Tyler Karaszewski
Tyler Karaszewski
8 years ago

This is all just a long-winded way of saying Buy American and keep our dollars as local as possible.

Funny how this “buy local” thing never seems to apply when international customers want to buy American products.

I wonder how many people Boeing (for example) would need to lay off if they started refusing to sell to European airlines and told them all to go buy Airbuses instead.

Joe @ Maple Rowe
Joe @ Maple Rowe
8 years ago

Tyler, I think you’re looking at it in a black & white kind of way when it’s really more of a grey area. Nobody’s refusing to sell anything to anybody. You’re also blowing it up to a mega corporation level where it is necessarily international due to what corporations are beholden to do for shareholders. It’s more about how you spend your dollars and what value you place on that. If you place value on price, regardless of where the product comes from or what impact it has, then you are free to buy the cheapest item without regard to… Read more »

Megan
Megan
8 years ago

Do you guys sell at farmers’ markets?

Joe @ Maple Rowe
Joe @ Maple Rowe
8 years ago
Reply to  Megan

Not yet, Megan. We really want to, and will probably pursue it in the fall or maybe next spring, but we’re in full scale production mode right now and focusing on retail and a couple wholesale accounts. We’ve also been asked to supply soap for a couple wedding gift bags and those are pretty big orders. We’ve even had friends straight up order a dozen bars from us so we’re just trying to keep up with demand right now as it is!

Josh @ Live Well Simply
Josh @ Live Well Simply
8 years ago

Sometimes older, tried and true business and marketing ideas are the best. There are more opportunities in our own neighborhood if we just look around. Great advice!

Paul
Paul
8 years ago

Really enjoy the articles on entrpreneurism…thank you! Can anyone recommend another good blog or two that focuses exclusively on this topic…specifically micro-business? Thanks

Lisa
Lisa
8 years ago
Reply to  Paul

Not sure if this is what you’re looking for, but Etsy’s blog has a ‘Quit Your Day Job’ series that highlights specific Etsy sellers that have been successful at getting their own business going.

Here is a link to the latest post in the series:
http://www.etsy.com/blog/en/2012/quit-your-day-job-solocosmo/?ref=fp_blog_title

Paul
Paul
8 years ago
Reply to  Lisa

Thanks Lisa. It’s certainly more of a niche blog, however, I love reading the success stories.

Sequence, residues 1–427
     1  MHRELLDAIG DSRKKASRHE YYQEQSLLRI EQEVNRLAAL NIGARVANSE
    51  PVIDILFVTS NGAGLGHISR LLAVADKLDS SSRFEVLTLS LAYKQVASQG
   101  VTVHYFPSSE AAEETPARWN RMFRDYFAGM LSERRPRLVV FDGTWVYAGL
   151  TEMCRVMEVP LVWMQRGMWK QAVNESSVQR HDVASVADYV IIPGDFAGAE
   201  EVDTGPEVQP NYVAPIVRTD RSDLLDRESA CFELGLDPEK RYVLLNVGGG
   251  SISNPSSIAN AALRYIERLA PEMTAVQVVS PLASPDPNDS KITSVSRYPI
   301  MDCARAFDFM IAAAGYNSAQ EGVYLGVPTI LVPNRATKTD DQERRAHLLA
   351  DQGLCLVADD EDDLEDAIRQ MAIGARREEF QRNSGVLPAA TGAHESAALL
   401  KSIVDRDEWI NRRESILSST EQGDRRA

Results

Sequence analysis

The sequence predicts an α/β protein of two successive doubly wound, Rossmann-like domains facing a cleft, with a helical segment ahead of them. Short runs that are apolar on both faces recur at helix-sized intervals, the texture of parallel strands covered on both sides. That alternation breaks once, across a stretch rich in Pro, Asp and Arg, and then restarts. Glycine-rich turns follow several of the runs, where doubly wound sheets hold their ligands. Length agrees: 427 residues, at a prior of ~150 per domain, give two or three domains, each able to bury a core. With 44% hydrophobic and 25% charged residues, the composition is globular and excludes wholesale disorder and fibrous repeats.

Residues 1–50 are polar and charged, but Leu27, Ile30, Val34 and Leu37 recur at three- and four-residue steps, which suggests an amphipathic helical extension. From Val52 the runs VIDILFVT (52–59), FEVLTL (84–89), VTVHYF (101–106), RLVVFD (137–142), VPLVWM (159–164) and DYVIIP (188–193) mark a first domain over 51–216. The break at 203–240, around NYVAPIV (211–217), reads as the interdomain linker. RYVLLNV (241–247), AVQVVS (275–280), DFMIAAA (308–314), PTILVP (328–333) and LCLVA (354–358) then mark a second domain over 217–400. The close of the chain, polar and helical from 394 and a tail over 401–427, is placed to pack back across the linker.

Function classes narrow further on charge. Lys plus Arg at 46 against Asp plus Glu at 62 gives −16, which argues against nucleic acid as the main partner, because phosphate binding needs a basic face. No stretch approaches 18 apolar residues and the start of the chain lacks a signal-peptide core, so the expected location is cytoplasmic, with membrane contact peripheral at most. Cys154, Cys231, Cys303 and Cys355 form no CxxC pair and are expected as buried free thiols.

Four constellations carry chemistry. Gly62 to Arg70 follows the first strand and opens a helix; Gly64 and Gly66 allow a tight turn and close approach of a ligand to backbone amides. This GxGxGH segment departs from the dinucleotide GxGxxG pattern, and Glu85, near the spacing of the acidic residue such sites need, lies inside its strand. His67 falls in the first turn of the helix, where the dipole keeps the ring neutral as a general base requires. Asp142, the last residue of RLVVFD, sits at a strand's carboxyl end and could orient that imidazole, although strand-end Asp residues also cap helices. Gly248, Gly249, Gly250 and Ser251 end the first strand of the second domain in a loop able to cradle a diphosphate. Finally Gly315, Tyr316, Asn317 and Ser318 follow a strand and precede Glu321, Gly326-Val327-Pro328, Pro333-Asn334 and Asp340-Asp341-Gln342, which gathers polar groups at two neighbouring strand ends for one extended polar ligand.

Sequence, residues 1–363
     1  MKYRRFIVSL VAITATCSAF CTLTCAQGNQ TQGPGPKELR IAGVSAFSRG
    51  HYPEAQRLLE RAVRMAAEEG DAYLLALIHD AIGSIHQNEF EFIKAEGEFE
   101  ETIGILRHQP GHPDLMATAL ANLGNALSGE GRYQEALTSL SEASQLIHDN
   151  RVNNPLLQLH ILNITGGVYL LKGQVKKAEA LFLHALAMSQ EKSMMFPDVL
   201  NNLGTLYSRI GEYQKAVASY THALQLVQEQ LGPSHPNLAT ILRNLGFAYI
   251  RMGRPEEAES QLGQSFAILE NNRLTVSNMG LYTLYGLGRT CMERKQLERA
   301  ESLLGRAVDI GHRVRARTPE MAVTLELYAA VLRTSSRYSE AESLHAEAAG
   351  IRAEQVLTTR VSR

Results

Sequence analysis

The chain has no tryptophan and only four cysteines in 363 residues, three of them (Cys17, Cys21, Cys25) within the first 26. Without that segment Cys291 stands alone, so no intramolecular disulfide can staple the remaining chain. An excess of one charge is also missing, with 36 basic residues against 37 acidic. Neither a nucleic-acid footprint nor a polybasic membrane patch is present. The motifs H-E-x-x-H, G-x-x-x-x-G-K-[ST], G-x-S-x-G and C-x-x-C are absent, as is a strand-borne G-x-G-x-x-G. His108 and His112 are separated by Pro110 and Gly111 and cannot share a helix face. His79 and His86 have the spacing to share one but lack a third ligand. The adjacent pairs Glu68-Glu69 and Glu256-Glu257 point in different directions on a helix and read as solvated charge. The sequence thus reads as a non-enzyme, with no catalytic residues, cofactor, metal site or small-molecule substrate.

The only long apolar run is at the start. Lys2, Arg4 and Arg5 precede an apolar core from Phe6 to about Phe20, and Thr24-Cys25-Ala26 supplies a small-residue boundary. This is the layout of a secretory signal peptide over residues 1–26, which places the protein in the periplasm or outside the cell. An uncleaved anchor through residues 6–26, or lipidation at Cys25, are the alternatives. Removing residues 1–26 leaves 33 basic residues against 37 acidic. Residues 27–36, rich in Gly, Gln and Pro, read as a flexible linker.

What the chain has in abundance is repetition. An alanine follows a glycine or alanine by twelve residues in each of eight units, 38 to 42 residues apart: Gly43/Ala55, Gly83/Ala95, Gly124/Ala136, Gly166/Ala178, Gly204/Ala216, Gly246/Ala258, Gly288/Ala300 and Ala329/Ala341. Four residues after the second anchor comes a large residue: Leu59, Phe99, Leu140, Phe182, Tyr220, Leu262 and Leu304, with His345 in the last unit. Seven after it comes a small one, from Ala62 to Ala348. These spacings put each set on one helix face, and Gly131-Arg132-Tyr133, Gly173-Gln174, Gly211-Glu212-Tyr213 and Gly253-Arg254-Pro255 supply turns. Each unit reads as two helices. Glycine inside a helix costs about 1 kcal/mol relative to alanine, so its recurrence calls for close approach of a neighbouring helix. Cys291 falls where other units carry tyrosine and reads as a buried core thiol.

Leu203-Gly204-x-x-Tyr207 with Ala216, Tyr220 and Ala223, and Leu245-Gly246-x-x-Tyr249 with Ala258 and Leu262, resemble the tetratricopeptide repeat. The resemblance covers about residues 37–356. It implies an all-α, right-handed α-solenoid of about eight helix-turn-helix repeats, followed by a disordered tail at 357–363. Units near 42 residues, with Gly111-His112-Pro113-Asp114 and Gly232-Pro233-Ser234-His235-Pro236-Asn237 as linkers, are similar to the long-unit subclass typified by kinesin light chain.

Ben David
Ben David
8 years ago

The idea of “selling a story” is central to a lot of small craft-related businesses.

A great resource for both the business and creative sides of craft business is the blog of Luann Udell. The archives are full of gold about all aspects of small, crafts-based business.

http://luannudell.wordpress.com/

Jennifer
Jennifer
8 years ago

Some good points, but a business model that relies on the volunteer efforts of others and “the possibility of pay” tells me that the writer doesn’t have a lot of experience with sustainable entrepreneurism.

Sheryl
Sheryl
8 years ago

Everyone’s on board with the crafty business bandwagon (which is totally a great bandwagon) but I love hearing this sort of advice for how to start them. Sensible.

Amanda
Amanda
8 years ago

Quality writing. Thanks!

Adam Spinosa
Adam Spinosa
8 years ago

Great Article! I loved the analogy that starting a business without a clear goal or mission, is like beginning a novel with two many likeable characters but no protagonist. It highlights how much creating a small business is like creating a story. That is, a story about your product, your customers, and your employees.

chacha1
chacha1
8 years ago

A literary magazine for parents sounds like a very niche project, but then most small businesses are.

I think this was Sarah’s best article so far for this community. Great advice.

amber
amber
8 years ago

I want to buy the THING!
(probably not really, but I really want to see a picture of it!) why not give the guy a leg up and post a link?

Jenna, Community Manager at Adaptu
Jenna, Community Manager at Adaptu
8 years ago

Curious, what exactly he is making.

Dana Leavy
Dana Leavy
8 years ago

I love this, because there’s so much noise out there telling business owners to “think big” and set goals that are totally above what makes sense starting out. Sure it’s great to have that kind of confidence and drive, but too many new entrepreneurs focus too much on “building the numbers” versus focusing in on a niche that you can really truly help, and delivering valuable content, quality products, that’s going to keep them coming back, but also prompt them to do the the “fame-building” work for you — by spreading the word about how great you are! Great insights… Read more »

krantcents
krantcents
8 years ago

I think this is particularly true for artistic endeavors. You need to see someone’s work to considering buying. One b one each customer will yield many more. I think it is true for small business in general, start small and build.

rosarugosa
rosarugosa
8 years ago

Yes, my burning question is also to know what “the thing” is!

Cruz Caudillo
Cruz Caudillo
8 years ago

This is a great article. I have been a pastry chef in fine dining restaurants for over 8 years. When my wife and I decided to start our own business we wanted to go all the way and open a full blown patisserie. After realizing it was next to impossible because of the initial expense I decided to focus on one thing. My company Praline Patisserie was born. Taking the old world recipes and canning techniques taught to me by my grandmother and using my modern approach to pastry I developed our Artisan Caramel Sauces. We rented space in a… Read more »